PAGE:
Roslyn Morauta, vice chair of the Board of the Global Fund, discusses the importance of addressing regional and global health challenges to ensure global health security, using Papua New Guinea as an example. Morauta writes, “With Papua New Guinea only four kilometers from Australia at its nearest point, failure to address TB or an outbreak of any infectious disease is a threat to the health and economic security of my native Australia. TB is airborne and highly contagious, so a raging TB epidemic could easily destabilize the Asia Pacific region. One weak link can affect everyone. … The Global Fund model increases accountability and shared responsibility and helps countries on their road to self-reliance by fostering domestic investments in health. … Our global health security is only as strong as our weakest link.” This article first appeared in The Mandarin (6/12).

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Council On Foreign Relations Provides Overview Of DRC Ebola Outbreak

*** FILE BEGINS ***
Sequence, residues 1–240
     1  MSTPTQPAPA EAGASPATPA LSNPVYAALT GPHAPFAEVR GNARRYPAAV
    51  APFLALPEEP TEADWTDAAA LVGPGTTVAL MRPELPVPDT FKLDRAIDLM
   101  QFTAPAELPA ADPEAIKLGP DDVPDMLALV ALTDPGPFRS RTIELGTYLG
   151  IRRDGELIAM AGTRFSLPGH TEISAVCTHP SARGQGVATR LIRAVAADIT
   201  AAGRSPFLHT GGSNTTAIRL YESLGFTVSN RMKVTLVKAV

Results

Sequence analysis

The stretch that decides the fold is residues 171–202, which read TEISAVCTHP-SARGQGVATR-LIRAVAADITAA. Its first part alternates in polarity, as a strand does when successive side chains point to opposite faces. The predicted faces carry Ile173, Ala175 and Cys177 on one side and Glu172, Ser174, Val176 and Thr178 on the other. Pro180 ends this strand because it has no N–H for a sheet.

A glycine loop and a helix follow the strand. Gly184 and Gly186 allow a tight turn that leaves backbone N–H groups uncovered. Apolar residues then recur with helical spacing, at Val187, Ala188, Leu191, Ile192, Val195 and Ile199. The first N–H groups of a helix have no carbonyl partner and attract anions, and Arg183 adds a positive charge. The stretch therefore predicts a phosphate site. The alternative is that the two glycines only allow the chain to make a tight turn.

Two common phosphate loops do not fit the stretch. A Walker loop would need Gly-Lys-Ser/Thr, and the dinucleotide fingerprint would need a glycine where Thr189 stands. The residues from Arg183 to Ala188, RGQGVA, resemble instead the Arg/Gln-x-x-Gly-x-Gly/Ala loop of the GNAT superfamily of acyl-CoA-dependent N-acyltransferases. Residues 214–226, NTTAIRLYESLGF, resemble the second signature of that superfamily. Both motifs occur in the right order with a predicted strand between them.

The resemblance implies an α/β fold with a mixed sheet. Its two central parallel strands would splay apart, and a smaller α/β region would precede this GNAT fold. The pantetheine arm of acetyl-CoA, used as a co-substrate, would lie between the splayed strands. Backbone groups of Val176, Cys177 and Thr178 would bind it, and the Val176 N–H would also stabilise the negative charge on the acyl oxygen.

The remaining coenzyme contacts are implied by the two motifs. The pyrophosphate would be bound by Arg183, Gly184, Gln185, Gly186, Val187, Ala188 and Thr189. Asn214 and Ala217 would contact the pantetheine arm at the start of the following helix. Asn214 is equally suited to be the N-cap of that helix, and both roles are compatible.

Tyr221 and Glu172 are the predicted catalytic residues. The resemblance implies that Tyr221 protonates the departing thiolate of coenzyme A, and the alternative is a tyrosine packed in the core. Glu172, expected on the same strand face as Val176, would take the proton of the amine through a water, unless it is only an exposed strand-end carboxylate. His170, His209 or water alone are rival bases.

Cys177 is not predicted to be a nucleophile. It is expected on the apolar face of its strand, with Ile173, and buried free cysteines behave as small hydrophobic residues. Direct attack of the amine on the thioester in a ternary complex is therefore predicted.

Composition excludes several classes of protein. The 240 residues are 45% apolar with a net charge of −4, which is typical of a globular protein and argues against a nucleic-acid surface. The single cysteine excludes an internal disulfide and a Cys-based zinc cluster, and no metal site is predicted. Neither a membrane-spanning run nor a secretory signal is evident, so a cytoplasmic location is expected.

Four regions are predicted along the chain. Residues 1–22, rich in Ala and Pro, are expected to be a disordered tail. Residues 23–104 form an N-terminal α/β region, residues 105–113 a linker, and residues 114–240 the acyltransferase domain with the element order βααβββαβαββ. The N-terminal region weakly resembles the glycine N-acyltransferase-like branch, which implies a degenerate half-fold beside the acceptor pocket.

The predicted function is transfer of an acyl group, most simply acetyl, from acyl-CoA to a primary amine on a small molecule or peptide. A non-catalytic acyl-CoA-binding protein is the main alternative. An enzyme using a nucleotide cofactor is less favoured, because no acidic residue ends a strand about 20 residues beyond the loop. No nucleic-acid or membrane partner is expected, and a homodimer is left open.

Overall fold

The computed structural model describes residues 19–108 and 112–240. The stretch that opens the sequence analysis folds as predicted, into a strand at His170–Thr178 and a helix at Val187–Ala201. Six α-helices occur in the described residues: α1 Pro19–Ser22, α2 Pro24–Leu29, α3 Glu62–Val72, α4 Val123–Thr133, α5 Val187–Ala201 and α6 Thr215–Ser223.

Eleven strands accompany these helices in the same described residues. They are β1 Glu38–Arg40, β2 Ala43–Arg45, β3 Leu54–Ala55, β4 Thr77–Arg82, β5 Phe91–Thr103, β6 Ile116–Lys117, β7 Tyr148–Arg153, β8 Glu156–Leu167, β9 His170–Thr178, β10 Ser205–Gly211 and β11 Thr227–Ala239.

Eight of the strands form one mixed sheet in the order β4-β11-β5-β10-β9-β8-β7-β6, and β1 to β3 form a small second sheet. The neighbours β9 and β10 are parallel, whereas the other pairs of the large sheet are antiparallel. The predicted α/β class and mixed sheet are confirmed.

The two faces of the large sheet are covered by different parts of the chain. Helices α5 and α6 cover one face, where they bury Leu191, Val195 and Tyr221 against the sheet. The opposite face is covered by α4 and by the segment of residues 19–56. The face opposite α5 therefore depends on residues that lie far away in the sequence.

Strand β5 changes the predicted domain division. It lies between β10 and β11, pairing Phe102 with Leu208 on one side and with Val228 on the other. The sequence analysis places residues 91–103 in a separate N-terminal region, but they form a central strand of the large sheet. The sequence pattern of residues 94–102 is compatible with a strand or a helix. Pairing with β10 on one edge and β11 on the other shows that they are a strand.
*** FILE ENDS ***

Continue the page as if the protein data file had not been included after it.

Council on Foreign Relations: The Escalating Ebola Crisis in the DRC
Claire Felter, copy editor/writer at CFR, discusses the escalating Ebola crisis in the Democratic Republic of the Congo (DRC), which has recently spread to Uganda, and provides an overview of the current situation, response, challenges, and needs (6/13).

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From the U.S. Government

CDC Activates Emergency Operations Center To Provide Increased Support To Ebola Response Efforts In Eastern DRC

CDC: CDC Activates Emergency Operations Center for Ebola Outbreak in Eastern DRC
“[On Wednesday,] the U.S. Centers for Disease Control and Prevention (CDC) [announced the] activation of its Emergency Operations Center (EOC) on Thursday, June 13, 2019, to support the inter-agency response to the current Ebola outbreak in eastern Democratic Republic of the Congo (DRC). … As part of the administration’s whole-of-government effort, CDC subject matter experts are working with the USAID Disaster Assistance Response Team (DART) on the ground in the DRC and the American Embassy in Kinshasa to support the Congolese and international response. The CDC’s EOC staff will further enhance this effort. CDC’s activation of the EOC at Level 3, the lowest level of activation, allows the agency to provide increased operational support for the response to meet the outbreak’s evolving challenges…” (6/12).